Antarctic glaciers melting due to global warming, offsetting effects of global warming

posted in: Posts | 2

Chilling news out of Antarctica last week:  melting glaciers create polynyas (patches of open water) where phytoplankton appears to be thriving.  So, it seems science is telling us that melting glaciers are a good thing.  Giving so much credit to the polynyas sound a little Pollyanna? Maybe.  But, this is another story proving we don’t have a clue how nature might react to our unnatural bombardment of it.  And sometimes nature reminds us how resilient it is.

Here’s where we need to discuss a little science – remember, my goal is to dumb this down enough so I can grasp it – you’ll be fine!   It all starts with phytoplankton – and that is not an understatement. Phytoplankton — name derived from the Greek – phyto (plant); plankton (drifter), and sometimes prone to showing off in blue as seen in the above photo — are tiny little critters with big responsibilities:

  • They are the primary producers in our oceans, feeding small organisms like krill, that then feed many other organisms including the largest creature ever to roam the earth (check it out from the amazing National Geographic here )
  • Plankton-benefitsSince they are photosynthesizers (not a word, but should be one):

phytoplankton carbon sink

These tiny little critters float around near the surface of the water, either powered by the current or or the use of small flagella (little tails), capturing sunlight to power photosynthesis.

phytoplankton

Phytoplankton rely on nutrients in the water in order to photosynthesize.  One of these nutrients is iron.  Iron is deposited into our oceans, normally from land mass dust or runoff from freshwater sources.

This new study, (accessed at: http://onlinelibrary.wiley.com/doi/10.1002/2015JC010888/full) and published in Journal of Geophysical Research: Oceans, suggests that the increase in glacial melt is producing an increase in iron (which is stored up in the old glaciers from the bedrock it scraped at formation), which is creating a nutrient-rich environment in which phytoplankton can thrive.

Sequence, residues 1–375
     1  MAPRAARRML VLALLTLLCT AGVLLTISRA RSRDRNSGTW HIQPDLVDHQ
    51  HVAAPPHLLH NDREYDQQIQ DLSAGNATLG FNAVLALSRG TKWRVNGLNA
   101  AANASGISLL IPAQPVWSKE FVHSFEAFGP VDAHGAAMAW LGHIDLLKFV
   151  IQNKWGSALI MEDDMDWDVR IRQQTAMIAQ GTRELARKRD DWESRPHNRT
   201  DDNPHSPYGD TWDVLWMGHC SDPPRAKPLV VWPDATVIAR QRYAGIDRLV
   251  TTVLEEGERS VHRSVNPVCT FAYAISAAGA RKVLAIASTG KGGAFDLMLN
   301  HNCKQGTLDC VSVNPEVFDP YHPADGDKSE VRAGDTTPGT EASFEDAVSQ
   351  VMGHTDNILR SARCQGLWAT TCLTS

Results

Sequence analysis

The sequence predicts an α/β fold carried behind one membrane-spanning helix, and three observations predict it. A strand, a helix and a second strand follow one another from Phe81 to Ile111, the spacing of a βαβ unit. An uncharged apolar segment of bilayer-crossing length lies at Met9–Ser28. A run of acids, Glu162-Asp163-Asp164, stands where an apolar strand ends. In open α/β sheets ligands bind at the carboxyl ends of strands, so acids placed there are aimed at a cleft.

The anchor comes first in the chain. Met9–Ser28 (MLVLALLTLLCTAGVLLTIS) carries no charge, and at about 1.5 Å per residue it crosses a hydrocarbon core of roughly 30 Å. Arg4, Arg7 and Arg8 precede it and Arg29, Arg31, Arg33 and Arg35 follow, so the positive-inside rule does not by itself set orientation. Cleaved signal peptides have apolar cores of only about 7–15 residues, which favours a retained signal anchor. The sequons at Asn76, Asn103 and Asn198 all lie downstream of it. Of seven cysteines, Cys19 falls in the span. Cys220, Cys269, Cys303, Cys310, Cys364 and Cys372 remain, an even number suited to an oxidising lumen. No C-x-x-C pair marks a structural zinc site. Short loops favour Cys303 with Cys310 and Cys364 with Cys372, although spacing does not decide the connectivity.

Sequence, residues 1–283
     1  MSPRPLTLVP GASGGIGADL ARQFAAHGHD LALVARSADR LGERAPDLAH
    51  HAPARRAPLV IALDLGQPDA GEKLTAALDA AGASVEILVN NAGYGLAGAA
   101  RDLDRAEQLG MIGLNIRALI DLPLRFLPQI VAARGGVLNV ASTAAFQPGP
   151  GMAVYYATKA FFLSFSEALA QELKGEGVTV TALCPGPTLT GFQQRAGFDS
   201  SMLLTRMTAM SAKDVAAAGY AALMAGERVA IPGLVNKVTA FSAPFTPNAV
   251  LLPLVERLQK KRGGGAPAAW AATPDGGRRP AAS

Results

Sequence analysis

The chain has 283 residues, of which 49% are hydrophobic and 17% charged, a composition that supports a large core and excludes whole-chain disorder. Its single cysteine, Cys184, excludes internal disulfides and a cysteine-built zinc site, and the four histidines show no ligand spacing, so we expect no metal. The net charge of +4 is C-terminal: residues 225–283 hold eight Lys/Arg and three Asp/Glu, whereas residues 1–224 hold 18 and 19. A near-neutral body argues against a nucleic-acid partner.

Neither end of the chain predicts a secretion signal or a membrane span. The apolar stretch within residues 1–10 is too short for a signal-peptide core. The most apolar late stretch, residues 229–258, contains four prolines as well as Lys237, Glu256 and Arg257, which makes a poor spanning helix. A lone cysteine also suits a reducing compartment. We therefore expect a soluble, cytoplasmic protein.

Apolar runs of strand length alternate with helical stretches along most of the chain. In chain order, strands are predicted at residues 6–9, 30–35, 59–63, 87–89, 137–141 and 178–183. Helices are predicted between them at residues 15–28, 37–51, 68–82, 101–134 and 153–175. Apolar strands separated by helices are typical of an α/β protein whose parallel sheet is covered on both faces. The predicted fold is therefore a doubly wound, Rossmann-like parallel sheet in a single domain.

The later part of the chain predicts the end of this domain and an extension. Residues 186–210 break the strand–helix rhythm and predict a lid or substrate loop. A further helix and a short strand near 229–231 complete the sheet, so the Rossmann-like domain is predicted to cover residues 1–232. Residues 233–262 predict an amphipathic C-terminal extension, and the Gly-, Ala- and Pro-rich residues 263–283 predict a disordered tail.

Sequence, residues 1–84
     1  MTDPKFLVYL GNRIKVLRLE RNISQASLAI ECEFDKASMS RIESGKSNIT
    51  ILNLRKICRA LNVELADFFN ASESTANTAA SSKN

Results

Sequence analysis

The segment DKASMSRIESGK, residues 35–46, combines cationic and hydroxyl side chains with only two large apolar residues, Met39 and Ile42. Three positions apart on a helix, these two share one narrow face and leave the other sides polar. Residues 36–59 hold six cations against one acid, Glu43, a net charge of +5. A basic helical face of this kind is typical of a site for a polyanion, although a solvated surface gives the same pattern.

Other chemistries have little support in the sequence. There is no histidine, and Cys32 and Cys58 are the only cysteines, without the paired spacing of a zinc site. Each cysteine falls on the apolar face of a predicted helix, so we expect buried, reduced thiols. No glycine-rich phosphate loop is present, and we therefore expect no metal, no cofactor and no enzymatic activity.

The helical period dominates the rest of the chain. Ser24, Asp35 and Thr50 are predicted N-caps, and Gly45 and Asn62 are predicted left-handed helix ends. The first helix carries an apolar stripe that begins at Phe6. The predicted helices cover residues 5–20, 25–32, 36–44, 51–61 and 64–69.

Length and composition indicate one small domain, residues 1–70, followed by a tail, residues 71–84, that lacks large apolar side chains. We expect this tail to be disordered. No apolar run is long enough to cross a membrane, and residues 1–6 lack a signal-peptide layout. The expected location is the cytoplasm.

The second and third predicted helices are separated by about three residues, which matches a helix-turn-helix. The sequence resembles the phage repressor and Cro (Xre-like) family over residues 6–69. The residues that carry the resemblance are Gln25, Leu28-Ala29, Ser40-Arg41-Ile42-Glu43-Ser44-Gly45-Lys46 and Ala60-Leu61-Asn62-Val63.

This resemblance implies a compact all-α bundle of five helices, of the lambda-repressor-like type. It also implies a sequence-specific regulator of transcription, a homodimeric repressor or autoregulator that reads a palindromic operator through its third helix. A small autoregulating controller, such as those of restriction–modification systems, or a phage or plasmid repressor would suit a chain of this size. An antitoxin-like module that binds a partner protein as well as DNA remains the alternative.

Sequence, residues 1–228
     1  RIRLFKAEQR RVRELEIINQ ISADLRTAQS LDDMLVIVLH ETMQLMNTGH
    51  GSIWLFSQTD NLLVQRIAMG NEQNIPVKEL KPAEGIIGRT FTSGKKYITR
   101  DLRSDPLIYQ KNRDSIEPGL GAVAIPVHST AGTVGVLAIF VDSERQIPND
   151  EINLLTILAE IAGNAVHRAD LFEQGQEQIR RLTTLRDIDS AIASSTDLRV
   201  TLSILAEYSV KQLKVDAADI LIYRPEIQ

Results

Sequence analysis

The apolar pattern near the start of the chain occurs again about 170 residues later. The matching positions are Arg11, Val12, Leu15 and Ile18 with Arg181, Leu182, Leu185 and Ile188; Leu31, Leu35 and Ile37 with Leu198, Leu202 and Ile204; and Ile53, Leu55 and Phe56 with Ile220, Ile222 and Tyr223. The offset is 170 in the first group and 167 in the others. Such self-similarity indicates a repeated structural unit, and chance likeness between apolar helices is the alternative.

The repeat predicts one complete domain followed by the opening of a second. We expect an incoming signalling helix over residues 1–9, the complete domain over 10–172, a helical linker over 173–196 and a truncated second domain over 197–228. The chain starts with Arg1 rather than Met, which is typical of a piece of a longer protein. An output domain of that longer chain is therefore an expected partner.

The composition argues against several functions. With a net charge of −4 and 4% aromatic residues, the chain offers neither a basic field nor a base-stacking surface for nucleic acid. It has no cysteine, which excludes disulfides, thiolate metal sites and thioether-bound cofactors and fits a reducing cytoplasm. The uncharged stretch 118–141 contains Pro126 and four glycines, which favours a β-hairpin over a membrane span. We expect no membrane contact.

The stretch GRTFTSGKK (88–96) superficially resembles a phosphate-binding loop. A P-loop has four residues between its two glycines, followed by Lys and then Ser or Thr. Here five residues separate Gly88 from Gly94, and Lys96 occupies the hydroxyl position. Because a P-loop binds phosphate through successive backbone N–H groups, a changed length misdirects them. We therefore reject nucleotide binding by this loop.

polynya

Here is a wonderful video summing this up from one of the lead scientists of the study: http://news.agu.org/press-release/melting-glaciers-feed-antarctic-food-chain/

This is great news for some of Antarctica’s threatened species including several species of penguins, whales and birds, and also suggests that these polynyas will become major contributors to the oceans’ carbon sink.

But, as far as we know, the rest of the oceans will only see detrimental effects from climate change (all of which I’ll likely bum you out with in later posts).

For now, let’s bask in this one small step for man, made possible by nature – and watch Adelie Penguins (one species at risk that may benefit from all this) heading out for lunch: http://www.arkive.org/adelie-penguin/pygoscelis-adeliae/video-02.html.

 

 

 

 

  • http://photography.nationalgeographic.com/photography/photo-of-the-day/man-ocean-phytoplankton/
  • http://www.worldwatch.org/node/6323
  • http://channel.nationalgeographic.com/wild/kingdom-of-the-oceans/videos/krill-for-dinner/
  • http://www.arkive.org/adelie-penguin/pygoscelis-adeliae/video-02.html
  • http://news.agu.org/press-release/melting-glaciers-feed-antarctic-food-chain/
  • http://news.agu.org/press-release/melting-glaciers-feed-antarctic-food-chain/

2 Responses

  1. aarpbrian

    Ok, I got you. The accidental increase in phytoplankton and its thriving in these polynya’s is good, helps reduce carbon, etc. But what about rising water levels if the melt continues? Or loss of habitat and feeding for animals like polar bears?

    • Yes, I mentioned I’d bum you out in future posts with more info on all that! This little reaction is likely only going to be good for some of our cold-weather friends. P.S.: so happy to see you are checking out the blog!

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